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Quick peek at memory testing

Posted: 09 Mar 2016 ?? ?Print Version ?Bookmark and Share

Keywords:DRAM? NAND Flash? controllers? test? single event upsets?

No electronics is absolutely reliable, but still, as designers, we do strive for that goal. But certain technologies, such as DRAM & NAND Flash, have special issues. Let's talk about test strategies.

NAND Flash, like mechanical storage devices, is by default assumed to be unreliable C an unusual situation in the electronics world. Its unreliability is dealt with by using dedicated controllers. DRAM, on the other hand, is deemed "pretty" reliable. Servers often have error detection (and possibly correction) circuitry, but consumer and commercial machines rarely do. I'll focus on DRAM here.

While most fine-geometry electronics is subject to radiation-induced SEUs (single event upsets), DRAM has the extra disadvantage of being, at heart, an analogue technology. Billions of tiny capacitors must maintain their charge without fail, or at least until the next refresh. If one of those caps is a bit leakier or smaller than it should be, it could result in unreliable operation. What's maddening is that the failure mechanism can be intermittent, or data-related.

As memory timing becomes ever faster, it behooves us to run eye tests as we would on a gigabit serial channel. For example, here's a DDR3 eye at 1.33Gb/s:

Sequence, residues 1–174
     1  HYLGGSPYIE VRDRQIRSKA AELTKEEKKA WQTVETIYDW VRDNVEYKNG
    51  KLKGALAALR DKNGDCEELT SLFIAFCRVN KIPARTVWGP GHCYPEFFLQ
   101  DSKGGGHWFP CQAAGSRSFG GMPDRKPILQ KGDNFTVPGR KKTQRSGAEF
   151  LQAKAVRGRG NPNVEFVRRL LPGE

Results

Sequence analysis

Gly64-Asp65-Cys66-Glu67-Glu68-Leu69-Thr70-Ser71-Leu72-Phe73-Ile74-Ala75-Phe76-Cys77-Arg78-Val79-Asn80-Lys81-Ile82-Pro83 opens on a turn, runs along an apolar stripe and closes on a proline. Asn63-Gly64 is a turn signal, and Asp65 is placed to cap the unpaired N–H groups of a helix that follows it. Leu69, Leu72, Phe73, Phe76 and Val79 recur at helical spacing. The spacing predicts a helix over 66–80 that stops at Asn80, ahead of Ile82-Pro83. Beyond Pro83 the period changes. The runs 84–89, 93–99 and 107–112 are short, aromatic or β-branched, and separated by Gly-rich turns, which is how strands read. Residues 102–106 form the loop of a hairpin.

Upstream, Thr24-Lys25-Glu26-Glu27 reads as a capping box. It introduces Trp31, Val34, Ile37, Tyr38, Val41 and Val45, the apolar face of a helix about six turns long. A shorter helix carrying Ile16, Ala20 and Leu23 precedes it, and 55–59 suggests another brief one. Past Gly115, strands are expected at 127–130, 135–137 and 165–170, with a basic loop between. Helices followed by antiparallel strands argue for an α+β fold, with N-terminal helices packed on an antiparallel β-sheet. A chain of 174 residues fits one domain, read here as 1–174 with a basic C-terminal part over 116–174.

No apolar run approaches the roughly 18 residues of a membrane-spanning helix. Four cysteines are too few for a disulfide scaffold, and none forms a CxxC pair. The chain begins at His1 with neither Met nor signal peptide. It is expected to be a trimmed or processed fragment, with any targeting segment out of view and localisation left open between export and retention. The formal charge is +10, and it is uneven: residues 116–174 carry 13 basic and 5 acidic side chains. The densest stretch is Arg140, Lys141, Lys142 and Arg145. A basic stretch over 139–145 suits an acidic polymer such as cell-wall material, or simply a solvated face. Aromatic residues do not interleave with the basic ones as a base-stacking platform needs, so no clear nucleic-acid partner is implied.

(Source: Micron Technology)

What test data should we run, whether software- or hardware-generated, to exercise the eye? Pseudorandom is a good start.

My interest in memory testing dates all the way back to my first computer. After suffering with 512B of memory for a year, I added a 32kB DRAM board! Whether due to bad board design, or really questionable DRAM chip quality, memory errors were frequent, and sometimes subtle. Simple patterns would detect the worst of the errors, but it wasn't till I implemented a pseudorandom test that the rarest errors appeared.

Were these errors due to bad eyes? Probably not. More likely, they arose from pattern sensitivity, where data bits on the DRAM chip interact in some way known only to the chip's designers. Though given the state of PCB design ca. 1980, it's also possible that poor power integrity was the root cause.

As end users of DRAM-bearing machines, we can still perform thorough memory testing through software-only means, such as the excellent Memtest86 program, which includes pseudorandom among its many tests. The bottom line, in my experience, is that pseudorandom is the best way to track down flaky errors that don't show up using other methods.

As designer of a memory sub-system, we're able to go beyond this approach and get probing. Using a pseudorandom pattern not only creates a proper eye diagram for our scope, it will likely uncover any pattern sensitivity problems (though this is more of a per-unit test, whereas you'll only be eye testing in development).

What kind of memory failures have you encountered? And what tests have you implemented for verification and production?

About the author
Michael Dunn has been messing with electronics almost as long as he's been walking. He got his first scope around age 15, and things have been going downhill ever since. The scopes now vie with wine racks, harpsichords, calculators, and 19th century pianos for space. Over the years, he's designed for the automotive, medical, industrial, communications, and consumer industries, as both freelancer and employee, working with analogue, digital, micros, and software.

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